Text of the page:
Brown scandal resurfacing?
Mar. 9, 2010
Sacramento Bee columnist Dan Walters has been covering California politics since 1975. No one writing about our beloved state government has more experience or authority.
But Walters did a curious thing in his March 3 column, titled “Brown’s back – with his baggage.” After spending the entire column talking about Attorney General/gubernatorial candidate Jerry Brown’s politics, personas and past tenure as California governor, he drops in this sentence near the end: “And then there’s the Brown family’s semi-secret financial ties to the military dictatorship of Indonesia, a book-length saga unto itself.”
Say what? Now I may still be relatively new to Sacramento, but others in the office who’ve been up here a few years were shaking their heads after reading that little line. Not really having a clue what Walters was talking about, I started digging though old newspaper articles for some kind of explanation. Though I didn’t find much, what I did locate made me reassess everything I knew about Jerry Brown and his father, the late Governor Edmund G. “Pat” Brown.
Much of what’s currently available about Brown and Indonesia comes from Walter’s reporting decades ago, though it’s clear the issue was hot in the late 1970s. A great source is this Walters story that ran in the Oct. 17, 1990 Lodi News-Sentinel, and forms much of the background for my own knowledge of the tale.
Back in the late 1960s, after Pat Brown ceded the governor’s mansion to Ronald Reagan, Brown went into private law practice. Among his clients was Pertamina, Indonesia’s state-owned oil and gas company.
Keep in mind that in the late 1960s, Indonesia was governed by the repressive Suharto regime, which had seized power in 1965 from the leftist Sukarno in a bloody coup that ultimately killed half a million people. To see Pat Brown’s name – inextricably wound up with California’s progressive politics – linked to Suharto’s is a shock indeed.
Anyway, Walters reported that Brown helped Pertamina’s boss Ibnu Sutowo get $13 billion in loans, which went into default after Sutowo got busted for corruption.
“Brown’s reward was a concession to market Pertamina’s oil in the United States,” Walters reported. “Brown’s law firm also represented Indonesia as a lobbyist in Washington.”
According to Walters’ reporting, the elder Brown insisted that his son, Jerry, rejected any financial interest in Brown’s Indonesian oil venture (though apparently daughter and former state treasurer Kathleen Brown did). But that doesn’t mean Gov. Jerry Brown didn’t have his own Indonesian troubles.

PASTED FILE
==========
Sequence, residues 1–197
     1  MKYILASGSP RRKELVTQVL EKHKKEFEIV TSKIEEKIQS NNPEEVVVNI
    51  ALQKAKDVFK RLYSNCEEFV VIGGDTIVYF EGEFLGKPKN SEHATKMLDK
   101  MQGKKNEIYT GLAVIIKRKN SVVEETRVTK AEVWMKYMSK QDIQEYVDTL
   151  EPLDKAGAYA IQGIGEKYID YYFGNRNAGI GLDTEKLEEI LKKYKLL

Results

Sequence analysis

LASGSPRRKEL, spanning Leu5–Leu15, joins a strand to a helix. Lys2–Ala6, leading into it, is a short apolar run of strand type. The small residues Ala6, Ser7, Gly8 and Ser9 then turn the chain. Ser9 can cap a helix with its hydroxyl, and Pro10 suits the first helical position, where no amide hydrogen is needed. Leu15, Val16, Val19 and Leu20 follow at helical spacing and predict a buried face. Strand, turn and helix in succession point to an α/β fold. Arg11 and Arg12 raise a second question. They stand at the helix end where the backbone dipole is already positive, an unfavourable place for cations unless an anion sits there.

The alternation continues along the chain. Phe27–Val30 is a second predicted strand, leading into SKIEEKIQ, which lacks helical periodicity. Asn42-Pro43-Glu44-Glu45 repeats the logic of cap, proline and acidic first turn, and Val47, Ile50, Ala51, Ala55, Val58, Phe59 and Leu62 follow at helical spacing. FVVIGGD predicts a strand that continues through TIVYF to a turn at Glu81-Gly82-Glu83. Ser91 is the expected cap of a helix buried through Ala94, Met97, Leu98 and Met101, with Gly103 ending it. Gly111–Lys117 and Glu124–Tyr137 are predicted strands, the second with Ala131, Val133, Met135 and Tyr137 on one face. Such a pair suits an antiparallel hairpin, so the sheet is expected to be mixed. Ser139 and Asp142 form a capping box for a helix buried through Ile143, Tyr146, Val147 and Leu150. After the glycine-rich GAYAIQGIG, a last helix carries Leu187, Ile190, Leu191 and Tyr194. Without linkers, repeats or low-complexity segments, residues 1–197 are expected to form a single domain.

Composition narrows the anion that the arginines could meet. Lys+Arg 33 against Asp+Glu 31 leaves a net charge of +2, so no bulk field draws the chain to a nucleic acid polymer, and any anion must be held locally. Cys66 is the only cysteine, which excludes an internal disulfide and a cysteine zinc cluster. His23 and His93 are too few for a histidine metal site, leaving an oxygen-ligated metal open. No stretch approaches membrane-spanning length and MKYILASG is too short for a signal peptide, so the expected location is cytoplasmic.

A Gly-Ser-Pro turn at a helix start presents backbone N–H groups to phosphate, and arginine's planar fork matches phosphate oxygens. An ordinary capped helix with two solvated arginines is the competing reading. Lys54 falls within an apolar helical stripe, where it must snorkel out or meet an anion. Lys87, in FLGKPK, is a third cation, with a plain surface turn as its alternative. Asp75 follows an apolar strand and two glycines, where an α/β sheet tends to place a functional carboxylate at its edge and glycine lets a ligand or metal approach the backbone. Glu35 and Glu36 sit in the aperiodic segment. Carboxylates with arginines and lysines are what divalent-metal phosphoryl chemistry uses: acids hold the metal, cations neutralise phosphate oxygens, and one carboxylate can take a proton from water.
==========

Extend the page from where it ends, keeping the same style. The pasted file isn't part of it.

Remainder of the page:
In the late 1970s, “A powerful coalition of business and labor interests began promoting a project to ship liquefied natural gas to California in huge tankers from Indonesia and Alaska and then-Gov. Jerry Brown launched an all-out drive to win approval of the LNG terminal,” Walters reported in the Mar. 15, 2001 Sacramento Bee. Pat Brown lobbied heavily for the terminal, which was to sit near Santa Barbara. Though approved, it was never built – concern over earthquakes and suddenly abundant LNG supplies brought about by industry deregulation ultimately killed the deal, reported Walters.
But that wasn’t the end of the story. Concurrent with the LNG terminal push, the California Air Resources Board (CARB) “adopted new requirements for the sulfur content of fuel oil,” Walters reported back in 1990. As a result, power plants had to buy their oil from Indonesian supplies, which had lower sulfur levels than that of, say, Alaska.
“Jerry Brown angrily denied suggestions that those actions were a conflict of interest, insisting that he had no personal involvement with Perta or Pertamina, although Perta and its executives had loaned or contributed some $70,000 to his 1974 campaign for governor,” Walters reported in 1990.
No one from the Brown campaign returned a call for comment on this story. Neither Brown’s recent Statements of Economic Interests nor his campaign finance reports suggest any contributions from sources like Perta, a marketing firm that dealt with Pat Brown’s own United States International Investment Corp., which handled his Indonesian concession.
Ironically, Indonesia today is a democracy, steadily emerging from its past military horrors. In many ways, its government is more stable than California’s, which is also a far cry from that which Brown left in 1983.
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